New Zealand’s borders are likely to remain closed for most of the year depending on the progress in the vaccination campaign against the coronavirus, Prime Minister Jacinda Ardern said On Tuesday January 26th, New Zealand’s Prime Minister Jacinda Ardern announced that the country’s borders are likely to remain closed for most of 2021. The deacons will depend on the progress in the vaccination campaign against the coronavirus. The country had closed its borders to foreigners and non-residents back in the spring of 2020.
Ardern explained that this past weekend, the first case of contagion in more than two months had been reported, which shows that the risk of a wide spread is far from over. New Zealand has managed to keep Covid at bay for the past few months, and authorities do not want to risk any potential waves of contagion linked to arriving travelers.
“Given the risks in the world and the uncertainty about international vaccination campaigns, we can expect our borders to be affected for much of the year,” said the Primer Minister. She also indicated that New Zealand would continue to authorize the entry of foreigners arriving through “travel bubbles” with Australia and Pacific nations where the new coronavirus is under control. She regretted Canberra’s decision to suspend the “bubble”, which allowed exemption from quarantine for the inhabitants of both countries, following the registration of a contagion case in New Zealand.
New Zealand registered its first positive case outside quarantine facilities since the 18th of November, after a 56-year-old New Zealand woman, who recently returned from Europe, tested positive. According to various local media, the woman in question spent 14 days in quarantine and tested negative twice – once upon arriving in her country and once in the middle of this period – before returning to her home on January 13.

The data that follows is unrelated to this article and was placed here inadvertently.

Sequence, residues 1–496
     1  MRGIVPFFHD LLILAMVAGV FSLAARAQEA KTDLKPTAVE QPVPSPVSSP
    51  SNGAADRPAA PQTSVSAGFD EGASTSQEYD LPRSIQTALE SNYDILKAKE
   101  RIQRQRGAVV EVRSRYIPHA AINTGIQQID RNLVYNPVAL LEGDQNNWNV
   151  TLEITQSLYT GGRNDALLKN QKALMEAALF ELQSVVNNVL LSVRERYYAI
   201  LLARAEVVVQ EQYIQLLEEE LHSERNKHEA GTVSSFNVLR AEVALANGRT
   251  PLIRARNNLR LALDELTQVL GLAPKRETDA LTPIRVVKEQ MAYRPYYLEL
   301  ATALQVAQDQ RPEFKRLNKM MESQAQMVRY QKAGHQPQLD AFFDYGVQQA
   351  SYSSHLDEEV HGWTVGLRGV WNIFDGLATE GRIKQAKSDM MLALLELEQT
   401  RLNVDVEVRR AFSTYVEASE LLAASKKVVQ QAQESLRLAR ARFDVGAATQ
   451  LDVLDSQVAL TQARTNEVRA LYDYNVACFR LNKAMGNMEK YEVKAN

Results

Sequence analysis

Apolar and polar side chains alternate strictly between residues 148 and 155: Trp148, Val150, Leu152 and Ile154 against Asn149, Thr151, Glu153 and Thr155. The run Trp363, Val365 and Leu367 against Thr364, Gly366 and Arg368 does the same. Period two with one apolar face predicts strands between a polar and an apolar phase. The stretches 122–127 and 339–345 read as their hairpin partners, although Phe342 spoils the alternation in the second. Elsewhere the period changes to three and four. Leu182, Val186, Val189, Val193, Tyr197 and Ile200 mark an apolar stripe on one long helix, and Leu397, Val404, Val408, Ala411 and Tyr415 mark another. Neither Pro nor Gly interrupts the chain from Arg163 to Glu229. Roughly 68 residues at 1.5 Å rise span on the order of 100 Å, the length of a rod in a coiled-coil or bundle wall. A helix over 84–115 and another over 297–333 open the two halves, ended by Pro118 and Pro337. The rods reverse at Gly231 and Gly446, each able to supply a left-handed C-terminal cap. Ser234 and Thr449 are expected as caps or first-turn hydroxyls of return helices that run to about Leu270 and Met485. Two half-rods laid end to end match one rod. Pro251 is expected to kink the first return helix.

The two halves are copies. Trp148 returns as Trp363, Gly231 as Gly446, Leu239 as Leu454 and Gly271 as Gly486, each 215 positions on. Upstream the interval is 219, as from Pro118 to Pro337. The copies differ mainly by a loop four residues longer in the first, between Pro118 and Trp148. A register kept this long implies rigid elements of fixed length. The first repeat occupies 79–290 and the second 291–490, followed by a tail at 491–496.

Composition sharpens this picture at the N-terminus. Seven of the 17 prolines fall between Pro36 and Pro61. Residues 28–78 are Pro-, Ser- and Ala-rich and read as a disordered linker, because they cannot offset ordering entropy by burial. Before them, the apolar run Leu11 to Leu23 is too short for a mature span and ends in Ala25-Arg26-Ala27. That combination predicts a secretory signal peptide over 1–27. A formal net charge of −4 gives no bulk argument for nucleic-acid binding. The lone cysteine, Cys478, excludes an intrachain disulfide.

However, the woman began to develop symptoms later on, and although the local government has already stated that there is no evidence that the virus is spreading in the community, Forbes cites a member of the government claiming that it is likely that she caught him at the hotel facilities where he was quarantined. According to the magazine, there is some evidence indicting that the woman has the South African variant of the virus – the most aggressive one – and as such, the local authorities do not intend to take any unnecessary risks. At least 15 of the woman’s close contacts have been identified and contacted, and the closest relatives have already tested negative. Because of this case, Australia has decided to temporarily interrupt the travel ‘bubble’ without quarantine with New Zealand.
The woman left the hotel where she was being quarantined on January 13 and traveled home in the Northland area; began to develop mild symptoms on January 15 and they got progressively worse; she was tested on January 22 and only then was self-isolated at home. There are concerns that she may have spread the virus unknowingly to other people in Northland and Whangarei.
New Zealand has been one of the most successful countries in the world in the fight against Covid-19: with a population of about five million, it had just over 2,200 cases of coronavirus, of which only 25 people died.